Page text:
bread and butter
And so, pickles.
Lots of pickles have been made, 74 jars total, bread and butter last Saturday, dill yesterday. Jars and jars of pickles that aren’t even pickles yet, because you have to wait for pickles to pickle.
With pickles, you learn patience. I like things that teach me patience, I don’t come by it naturally.
Gardening taught me a lot about patience. The cycle of life, the growth and the bloom and the setting of seeds, prepraring for the next generation. This is the life of a flower.
My friend Katie, who is really more than a friend, will be 84 in just a couple of weeks. My mom calls Katie “Blossom.”
84 years is a long time. Long enough to learn about patience. Long enough to come to terms with the cycle of life. Long enough to have lived through the worst thing that can happen, and survive. Long enough to do more than just survive, long enough to relearn how to live. To giggle and to carry on, through endless years of pain, both physical and emotional. To find joy once again.
Katie was born with both hips dislocated, 84 years ago, before they knew how to fix such things. Her son, who is just shy of fifty, was born the same way. But by that time, his time, doctors knew to pop his hips back into place just after he was born. Problem solved.
And that son, the one just shy of fifty, was Katie’s second son. Her first son, if he were alive, would have been 58 this year. She mentioned this while we made pickles. But her first son is not alive, he died when he was six, in the kind of freak accident that could happen to anyone, at anytime, these things just happen.
Only it happened to Katie, who had already, at that point in her life, gone through dozens and dozens of painful surgeries, spent her whole childhood having surgery, her whole life in casts and crutches and wheelchairs. After one of these surgeries, when she was quite young, she was left in a room under lights to dry the cast she was enclosed in from the waist down. But as it turned out, the lights were too hot and the cast started on fire.
Katie, at all of four feet, nine inches tall, has the spirit of a giant.
Many years ago, when I was sixteen, I dated her son, briefly. That didn’t work out, but my friendship with Katie remained. And then it expanded to include my whole family, until essentially, we adopted her as a grandmother. My parents and Katie and her husband spent a lot of time together years ago, before her husband died. Since then, my parents have taken care of Katie in a million small ways. They are like that. Good people. Her son lives out of state now, my parents and myself are her emergency contacts.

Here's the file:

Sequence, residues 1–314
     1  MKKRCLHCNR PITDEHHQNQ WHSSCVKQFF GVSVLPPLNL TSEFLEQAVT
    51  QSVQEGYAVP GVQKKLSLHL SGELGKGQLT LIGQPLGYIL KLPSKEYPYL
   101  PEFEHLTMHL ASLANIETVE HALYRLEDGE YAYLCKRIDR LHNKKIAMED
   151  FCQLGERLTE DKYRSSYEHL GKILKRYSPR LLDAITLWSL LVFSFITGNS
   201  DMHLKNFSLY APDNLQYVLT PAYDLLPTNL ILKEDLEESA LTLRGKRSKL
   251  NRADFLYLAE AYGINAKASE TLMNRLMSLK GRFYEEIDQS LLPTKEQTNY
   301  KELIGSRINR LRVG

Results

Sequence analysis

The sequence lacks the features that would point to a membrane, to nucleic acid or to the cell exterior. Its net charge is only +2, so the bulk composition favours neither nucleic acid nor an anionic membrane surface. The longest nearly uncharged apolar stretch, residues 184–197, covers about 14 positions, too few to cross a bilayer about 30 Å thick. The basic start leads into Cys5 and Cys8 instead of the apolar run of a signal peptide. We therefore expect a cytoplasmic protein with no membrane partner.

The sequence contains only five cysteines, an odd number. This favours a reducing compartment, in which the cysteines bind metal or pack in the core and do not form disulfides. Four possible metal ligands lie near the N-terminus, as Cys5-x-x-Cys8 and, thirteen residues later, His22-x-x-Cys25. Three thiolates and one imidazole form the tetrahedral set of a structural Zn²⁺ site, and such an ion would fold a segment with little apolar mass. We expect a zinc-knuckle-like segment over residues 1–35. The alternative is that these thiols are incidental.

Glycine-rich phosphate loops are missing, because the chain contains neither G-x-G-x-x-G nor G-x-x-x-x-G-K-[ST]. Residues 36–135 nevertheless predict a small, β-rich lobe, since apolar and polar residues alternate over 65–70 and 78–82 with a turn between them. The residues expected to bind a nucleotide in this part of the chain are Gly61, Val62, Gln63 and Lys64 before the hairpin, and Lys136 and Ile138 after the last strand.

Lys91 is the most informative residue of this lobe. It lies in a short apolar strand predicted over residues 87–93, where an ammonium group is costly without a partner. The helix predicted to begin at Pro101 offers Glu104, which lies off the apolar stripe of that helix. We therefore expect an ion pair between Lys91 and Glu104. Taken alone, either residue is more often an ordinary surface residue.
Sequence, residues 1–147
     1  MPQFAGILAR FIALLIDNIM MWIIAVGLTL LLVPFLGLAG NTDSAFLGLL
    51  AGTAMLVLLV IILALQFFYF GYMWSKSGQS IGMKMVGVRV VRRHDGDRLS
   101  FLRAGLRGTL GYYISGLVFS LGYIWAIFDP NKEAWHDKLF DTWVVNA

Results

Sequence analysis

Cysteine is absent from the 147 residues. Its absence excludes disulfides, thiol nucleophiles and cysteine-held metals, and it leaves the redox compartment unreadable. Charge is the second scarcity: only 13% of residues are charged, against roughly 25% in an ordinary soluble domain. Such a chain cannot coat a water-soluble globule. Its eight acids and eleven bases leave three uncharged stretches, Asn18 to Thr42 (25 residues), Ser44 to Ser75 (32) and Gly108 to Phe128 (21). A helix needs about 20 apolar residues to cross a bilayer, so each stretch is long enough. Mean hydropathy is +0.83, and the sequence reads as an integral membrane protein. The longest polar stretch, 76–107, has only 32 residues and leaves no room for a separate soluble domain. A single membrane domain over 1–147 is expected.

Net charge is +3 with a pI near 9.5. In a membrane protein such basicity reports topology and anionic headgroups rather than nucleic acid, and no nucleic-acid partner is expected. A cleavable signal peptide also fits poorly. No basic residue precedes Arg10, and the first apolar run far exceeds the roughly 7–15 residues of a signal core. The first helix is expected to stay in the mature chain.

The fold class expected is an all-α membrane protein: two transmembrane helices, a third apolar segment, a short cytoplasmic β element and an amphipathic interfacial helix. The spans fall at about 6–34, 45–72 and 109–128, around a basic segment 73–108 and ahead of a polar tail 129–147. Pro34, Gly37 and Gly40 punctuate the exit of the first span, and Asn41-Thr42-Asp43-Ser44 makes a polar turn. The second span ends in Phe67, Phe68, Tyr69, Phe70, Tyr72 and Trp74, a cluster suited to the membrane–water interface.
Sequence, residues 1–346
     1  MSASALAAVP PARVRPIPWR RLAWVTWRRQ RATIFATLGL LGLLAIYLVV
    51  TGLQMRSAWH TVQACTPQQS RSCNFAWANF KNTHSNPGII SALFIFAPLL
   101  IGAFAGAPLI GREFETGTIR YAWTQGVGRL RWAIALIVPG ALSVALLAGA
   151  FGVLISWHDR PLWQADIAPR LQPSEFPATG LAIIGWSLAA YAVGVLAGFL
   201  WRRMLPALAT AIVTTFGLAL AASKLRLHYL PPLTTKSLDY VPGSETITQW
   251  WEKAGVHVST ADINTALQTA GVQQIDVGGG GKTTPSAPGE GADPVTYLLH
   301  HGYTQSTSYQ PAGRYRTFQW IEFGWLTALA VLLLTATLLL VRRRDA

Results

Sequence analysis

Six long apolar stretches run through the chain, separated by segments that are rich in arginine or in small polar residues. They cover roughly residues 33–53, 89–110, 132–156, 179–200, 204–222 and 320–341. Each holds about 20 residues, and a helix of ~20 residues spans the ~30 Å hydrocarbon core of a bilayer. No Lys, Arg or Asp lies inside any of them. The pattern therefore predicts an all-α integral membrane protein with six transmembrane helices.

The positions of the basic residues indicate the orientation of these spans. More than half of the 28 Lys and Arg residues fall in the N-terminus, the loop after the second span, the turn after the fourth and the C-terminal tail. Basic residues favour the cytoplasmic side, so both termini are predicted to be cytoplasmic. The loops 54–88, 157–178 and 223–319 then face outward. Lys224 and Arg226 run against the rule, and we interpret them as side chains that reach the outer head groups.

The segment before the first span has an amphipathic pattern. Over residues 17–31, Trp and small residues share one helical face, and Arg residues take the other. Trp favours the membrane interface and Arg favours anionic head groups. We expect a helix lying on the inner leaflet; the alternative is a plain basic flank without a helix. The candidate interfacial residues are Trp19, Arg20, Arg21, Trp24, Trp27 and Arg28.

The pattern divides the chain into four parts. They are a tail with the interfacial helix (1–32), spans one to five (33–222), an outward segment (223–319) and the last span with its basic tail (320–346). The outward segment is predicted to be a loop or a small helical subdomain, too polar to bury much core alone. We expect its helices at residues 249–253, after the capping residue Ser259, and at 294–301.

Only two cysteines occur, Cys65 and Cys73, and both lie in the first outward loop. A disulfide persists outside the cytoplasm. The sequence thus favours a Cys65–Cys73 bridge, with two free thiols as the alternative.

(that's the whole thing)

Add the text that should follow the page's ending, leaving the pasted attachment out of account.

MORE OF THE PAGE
But this wasn’t supposed to be a story about Katie, it was supposed to be a story about making pickles. It is hard to tell one without the other. But okay, pickles. My mom and I went to Katie’s and we sliced and we sliced and we sliced some more. Cucumbers, onions, peppers. We put the cucumbers on ice and then we waited three hours for them to crisp. And then later, we simmered but never boiled, and we filled 22 jars, hot jars, hot lids, we wiped their mouths and we tightened down the tops and then, pickles.
During those three hours of waiting, we talked and we laughed and we listened and we admired Katie’s latest doily, which is amazing. She sits there while she watches baseball (Yankees) and crochets these intricate doilies or she knits mittens, dozens of sets each year, just to give them away.
And my mom talked, about her mom and her father, how they used have a huge garden, how they would can everything, even venison. How the smell of the pickles was taking her back to her childhood, which wasn’t the best of times for her, either.
And there we were, three women, 84, 68, 47. Almost two hundred years of living between us. But compared to these two women, my life has been simple, easy, a blessing.
Through all of this slicing and waiting and simmering and chatting, we giggled.
And then I vacuumed Katie’s house and emptied her garbage while she made us egg salad sandwiches for lunch and we ate and talked a little more. The house is getting too hard for her to handle, alone. She is in pain, constant pain, her hip and her spine are literally crumbling. My parent’s house is getting hard for them to navigate, so many stairs. My mom is worried about my dad, her sister, life.
And even through all of that, still, we giggled. Katie, who has a million reasons not to giggle, ever, giggles quite a lot. And it makes me smile and laugh, and at the very same time, it breaks my heart, just a little.
In the end, when we had finished, there were 22 jars of bread and butter pickles sitting on Katie’s counter.
Jars filled with spices, cucumbers, onions and peppers,
love and tears and memories and friendship,
and one whole day’s worth of giggles.
The best pickle recipe, ever.
p.s. I will tell you about the 52 jars of dill pickles another day. And if you want the bread and butter pickle recipe, I have posted it here.